1275Touchstone That is another simple sin in you, to bring the ewes and the rams together and to offer to get your living by the copulation of cattle; to be bawd to a bellwether, and to betray a she-lamb of a twelvemonth to crooked-pated old cuckoldly ram, out of all 1280reasonable match. If thou beest not damned for this, the devil himself will have no shepherds; I cannot see else how thou shouldst scape.
Corin Here comes young Master Ganymede, my new mistress's brother.
1285
Enter Rosalind [reading a paper].
Rosalind "From the east to western Ind,
No jewel is like Rosalind.
Her worth, being mounted on the wind,
Through all the world bears Rosalind.
1290All the pictures fairest lined
Are but black to Rosalind.
Let no face be kept in mind
But the fair of Rosalind."
Touchstone I'll rhyme you so eight years together, dinners, 1295and suppers, and sleeping hours, excepted. It is the right butter-women's rank to market.
Rosalind Out, fool!
Touchstone For a taste:
If a hart do lack a hind,
1300Let him seek out Rosalind.
If the cat will after kind,
So be sure will Rosalind.
Wintered garments must be lined,
So must slender Rosalind.
1305They that reap must sheaf and bind,
Then to cart with Rosalind.
Sweetest nut hath sourest rind,
Such a nut is Rosalind.
He that sweetest rose will find
1310Must find love's prick and Rosalind.
This is the very false gallop of verses. Why do you infect yourself with them?
Rosalind Peace, you dull fool! I found them on a tree.
Touchstone Truly, the tree yields bad fruit.
1315Rosalind I'll graft it with you, and then I shall graft it with a medlar. Then it will be the earliest fruit i'th' country; for you'll be rotten ere you be half ripe, and that's the right virtue of the medlar.
Touchstone You have said; but whether wisely or no, let the 1320forest judge.
Enter Celia, with a writing.
Rosalind Peace! Here comes my sister, reading. Stand aside.
Celia "Why should this a desert be?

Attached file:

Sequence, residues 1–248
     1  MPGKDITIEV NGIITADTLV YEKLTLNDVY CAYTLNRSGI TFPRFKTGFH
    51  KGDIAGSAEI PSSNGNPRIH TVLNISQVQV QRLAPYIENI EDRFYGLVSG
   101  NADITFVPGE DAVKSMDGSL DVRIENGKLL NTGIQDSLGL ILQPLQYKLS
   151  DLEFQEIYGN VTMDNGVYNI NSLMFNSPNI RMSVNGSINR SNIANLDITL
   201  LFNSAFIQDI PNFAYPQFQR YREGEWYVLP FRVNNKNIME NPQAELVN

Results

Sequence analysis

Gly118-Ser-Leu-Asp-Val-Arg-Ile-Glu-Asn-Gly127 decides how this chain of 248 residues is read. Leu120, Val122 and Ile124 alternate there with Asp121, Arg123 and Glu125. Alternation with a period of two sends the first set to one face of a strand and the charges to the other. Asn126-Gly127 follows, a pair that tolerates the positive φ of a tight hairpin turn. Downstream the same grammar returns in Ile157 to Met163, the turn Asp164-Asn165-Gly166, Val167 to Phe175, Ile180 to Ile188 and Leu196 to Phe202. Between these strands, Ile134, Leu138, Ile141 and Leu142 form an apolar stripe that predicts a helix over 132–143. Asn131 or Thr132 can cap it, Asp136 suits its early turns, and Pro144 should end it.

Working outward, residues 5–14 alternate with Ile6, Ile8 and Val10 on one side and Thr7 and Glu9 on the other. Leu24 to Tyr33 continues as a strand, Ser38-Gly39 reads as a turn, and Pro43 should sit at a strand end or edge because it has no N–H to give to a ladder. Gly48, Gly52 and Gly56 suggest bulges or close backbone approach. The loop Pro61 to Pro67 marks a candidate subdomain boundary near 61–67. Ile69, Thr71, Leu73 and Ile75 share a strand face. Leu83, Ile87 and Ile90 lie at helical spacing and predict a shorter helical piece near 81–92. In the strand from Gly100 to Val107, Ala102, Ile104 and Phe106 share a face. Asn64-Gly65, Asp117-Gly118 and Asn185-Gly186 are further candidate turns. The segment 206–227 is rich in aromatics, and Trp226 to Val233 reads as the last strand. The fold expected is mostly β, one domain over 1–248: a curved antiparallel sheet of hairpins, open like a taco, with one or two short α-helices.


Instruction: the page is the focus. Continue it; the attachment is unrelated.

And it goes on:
For it is unpeopled? No.
1325Tongues I'll hang on every tree
That shall civil sayings show:
Some, how brief the life of man
Runs his erring pilgrimage,
That the stretching of a span
1330Buckles in his sum of age;
Some, of violated vows
'Twixt the souls of friend and friend;
But upon the fairest boughs,
Or at every sentence end,
1335Will I "Rosalinda" write,
Teaching all that read to know
The quintessence of every sprite
Heaven would in little show.
Therefore heaven Nature charged
1340That one body should be filled
With all graces wide-enlarged.
Nature presently distilled
Helen's cheek, but not her heart,
Cleopatra's majesty,
1345Atalanta's better part,
Sad Lucretia's modesty.
Thus Rosalind of many parts
By heavenly synod was devised
Of many faces, eyes, and hearts
1350To have the touches dearest prized.
Heaven would that she these gifts should have,
And I to live and die her slave."
Rosalind O most gentle Jupiter, what tedious homily of love have you wearied your parishioners withal, and 1355never cried "Have patience, good people!"
Celia How now? Back, friends. Shepherd, go off a little.[To Touchstone]Go with him, sirrah.
Touchstone [To Corin] Come, shepherd, let us make an honorable retreat, though not with bag and baggage, yet with 1360scrip and scrippage.
Exit [with Corin].
Celia Didst thou hear these verses?
Rosalind Oh, yes, I heard them all, and more too, for some of them had in them more feet than the verses would bear.
1365Celia That's no matter; the feet might bear the verses.
Rosalind Ay, but the feet were lame, and could not bear themselves without the verse, and therefore stood lamely in the verse.
Celia But didst thou hear without wondering how 1370thy name should be hanged and carved upon these trees?